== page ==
So, do rape victims rarely become pregnant? Seems like an interesting question, and one that caused a huge brouhaha when Todd Akin, Missouri candidate for the U.S. Senate, said on August 19 that "First of all, from what I understand from doctors, that’s really rare."
As a matter of fact Akin's comments were more nuanced and thoughtful than the news coverage suggests, and can be found at http://en.wikipedia.org/wiki/2012_Todd_Akin_rape_and_pregnancy_controversy for those interested in reality instead of media blather. The same page cites real, legitimate research showing that 5% of rape victims become pregnant and that rape is twice as likely to result in pregnancy as consensual sex. Note, however, that this research does not directly contradict Akin's statement, since Akin was specifically referring to a subset of rapes he terms "legitimate", which apparently means forcible knife-to-the-throat cases, and the research does not distinguish such circumstances.
But that's not the point of this post anyway. Point of this post is that Akin's view, dubious and demented as it may seem, was once the law of England. Many years ago when I was wasting time at the University of Michigan I came upon a 13th century summary of English law known as Britton. In which, Chapter VI, you can find this curious statement:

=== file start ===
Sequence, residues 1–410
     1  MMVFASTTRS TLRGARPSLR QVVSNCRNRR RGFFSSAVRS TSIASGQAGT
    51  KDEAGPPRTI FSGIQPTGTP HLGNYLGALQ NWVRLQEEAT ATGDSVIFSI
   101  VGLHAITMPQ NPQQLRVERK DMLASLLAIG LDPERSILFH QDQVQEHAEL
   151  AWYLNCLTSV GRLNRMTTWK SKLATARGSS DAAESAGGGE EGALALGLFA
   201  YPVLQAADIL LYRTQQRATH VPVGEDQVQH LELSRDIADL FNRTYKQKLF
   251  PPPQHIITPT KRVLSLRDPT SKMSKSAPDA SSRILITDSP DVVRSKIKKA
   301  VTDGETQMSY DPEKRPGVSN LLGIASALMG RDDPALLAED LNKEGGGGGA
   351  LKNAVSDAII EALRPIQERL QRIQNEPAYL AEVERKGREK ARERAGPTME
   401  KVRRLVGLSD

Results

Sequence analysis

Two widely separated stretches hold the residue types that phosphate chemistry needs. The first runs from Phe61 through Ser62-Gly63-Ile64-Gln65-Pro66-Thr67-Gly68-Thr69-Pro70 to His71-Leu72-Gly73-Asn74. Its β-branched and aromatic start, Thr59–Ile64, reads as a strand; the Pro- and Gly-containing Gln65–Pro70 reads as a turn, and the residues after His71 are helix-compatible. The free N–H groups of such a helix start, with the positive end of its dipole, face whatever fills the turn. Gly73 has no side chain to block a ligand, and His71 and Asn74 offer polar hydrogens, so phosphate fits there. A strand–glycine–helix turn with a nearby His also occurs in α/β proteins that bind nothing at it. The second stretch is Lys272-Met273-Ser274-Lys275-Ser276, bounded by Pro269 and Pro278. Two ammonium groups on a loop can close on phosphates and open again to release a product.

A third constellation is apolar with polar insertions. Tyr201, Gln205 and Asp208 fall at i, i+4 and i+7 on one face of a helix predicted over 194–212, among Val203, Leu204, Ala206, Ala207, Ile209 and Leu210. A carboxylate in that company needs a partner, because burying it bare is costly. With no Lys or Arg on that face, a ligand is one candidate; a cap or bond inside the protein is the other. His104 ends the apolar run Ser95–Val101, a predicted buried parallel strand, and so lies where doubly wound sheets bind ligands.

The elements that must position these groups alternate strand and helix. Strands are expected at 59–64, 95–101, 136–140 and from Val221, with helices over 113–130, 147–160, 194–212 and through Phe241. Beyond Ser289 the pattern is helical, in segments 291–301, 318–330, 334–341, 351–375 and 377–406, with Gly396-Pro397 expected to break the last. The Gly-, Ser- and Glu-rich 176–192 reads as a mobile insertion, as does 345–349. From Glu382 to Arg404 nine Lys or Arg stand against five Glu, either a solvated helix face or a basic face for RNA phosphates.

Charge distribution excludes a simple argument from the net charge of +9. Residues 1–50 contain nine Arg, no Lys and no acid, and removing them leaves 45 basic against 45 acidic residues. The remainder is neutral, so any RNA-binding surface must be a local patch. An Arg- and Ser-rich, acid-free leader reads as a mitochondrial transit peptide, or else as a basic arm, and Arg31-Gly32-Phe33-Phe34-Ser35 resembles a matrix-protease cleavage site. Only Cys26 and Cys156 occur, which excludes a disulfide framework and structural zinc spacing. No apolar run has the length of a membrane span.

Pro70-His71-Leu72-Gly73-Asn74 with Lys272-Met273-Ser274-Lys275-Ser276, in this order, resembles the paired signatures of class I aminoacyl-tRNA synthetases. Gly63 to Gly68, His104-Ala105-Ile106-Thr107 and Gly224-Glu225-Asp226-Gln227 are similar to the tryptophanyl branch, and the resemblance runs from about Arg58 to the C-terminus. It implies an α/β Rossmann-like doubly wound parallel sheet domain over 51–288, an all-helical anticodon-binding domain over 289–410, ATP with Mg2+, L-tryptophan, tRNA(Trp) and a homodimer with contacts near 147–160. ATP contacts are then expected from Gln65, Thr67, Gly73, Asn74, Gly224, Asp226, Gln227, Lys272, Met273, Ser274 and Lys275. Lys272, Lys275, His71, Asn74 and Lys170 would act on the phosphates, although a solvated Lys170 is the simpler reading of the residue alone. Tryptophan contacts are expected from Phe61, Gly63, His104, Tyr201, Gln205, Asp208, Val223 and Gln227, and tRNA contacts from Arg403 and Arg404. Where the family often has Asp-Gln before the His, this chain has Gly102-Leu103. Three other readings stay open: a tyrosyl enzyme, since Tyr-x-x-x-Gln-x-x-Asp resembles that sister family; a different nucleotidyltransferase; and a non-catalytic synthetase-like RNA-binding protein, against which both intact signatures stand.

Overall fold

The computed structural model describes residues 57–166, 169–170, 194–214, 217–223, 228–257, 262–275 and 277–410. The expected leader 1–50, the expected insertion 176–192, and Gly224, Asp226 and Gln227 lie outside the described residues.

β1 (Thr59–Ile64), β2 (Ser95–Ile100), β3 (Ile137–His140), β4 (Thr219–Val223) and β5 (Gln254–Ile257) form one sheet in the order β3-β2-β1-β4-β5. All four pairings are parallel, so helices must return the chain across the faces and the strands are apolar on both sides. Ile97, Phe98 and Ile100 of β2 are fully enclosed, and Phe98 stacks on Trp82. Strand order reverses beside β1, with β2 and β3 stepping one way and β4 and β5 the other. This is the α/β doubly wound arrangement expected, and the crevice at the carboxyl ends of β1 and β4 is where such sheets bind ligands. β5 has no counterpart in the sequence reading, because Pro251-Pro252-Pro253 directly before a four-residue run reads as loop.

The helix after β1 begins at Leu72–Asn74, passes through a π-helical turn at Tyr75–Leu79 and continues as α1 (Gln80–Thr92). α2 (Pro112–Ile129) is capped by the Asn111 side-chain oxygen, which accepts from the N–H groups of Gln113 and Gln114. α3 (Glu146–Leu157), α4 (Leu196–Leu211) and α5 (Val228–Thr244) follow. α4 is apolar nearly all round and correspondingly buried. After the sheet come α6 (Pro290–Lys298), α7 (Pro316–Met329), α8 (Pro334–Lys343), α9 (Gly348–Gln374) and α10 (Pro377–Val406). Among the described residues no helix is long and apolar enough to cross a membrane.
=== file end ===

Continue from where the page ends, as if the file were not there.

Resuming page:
"With regard to an appeal of rape, our pleasure is, that every woman, whether virgin or not, shall have a right to sue vengeance for the felony by appeal in the county court within forty days, but after that time she shall lose her suit; in which case, if the defendant confesses the fact, but says that the woman at the same time conceived by him, and can prove it, then our will is that it be adjudged no felony, because no woman can conceive if she does not consent."
So there you have it. If you want to read the original, you can do so online as Google has scanned almost all of the UM libraries.
(Notes: (1) You want the translation of Britton, as the original is in the archaic French, aka Law French, used in English courts at that time, and even if you are a native French speaker it will be Greek to you. (2) The "appeal" of which Britton speaks has nothing to do with applying for relief from a lower to higher court, as in current U.S. usage. "Appeal of felony was a formal charge or accusation in older times in England. It was an accusation by a private subject against another, for some heinous crime, demanding punishment on account of the particular injury suffered rather than for the offense against the public. The proceeding was abolished by act of Parliament in England in 1819." (3) I called Britton to the attention of the NYT anent this case so don't be surprised if you see some garbled discussion of it on a NYT blog.)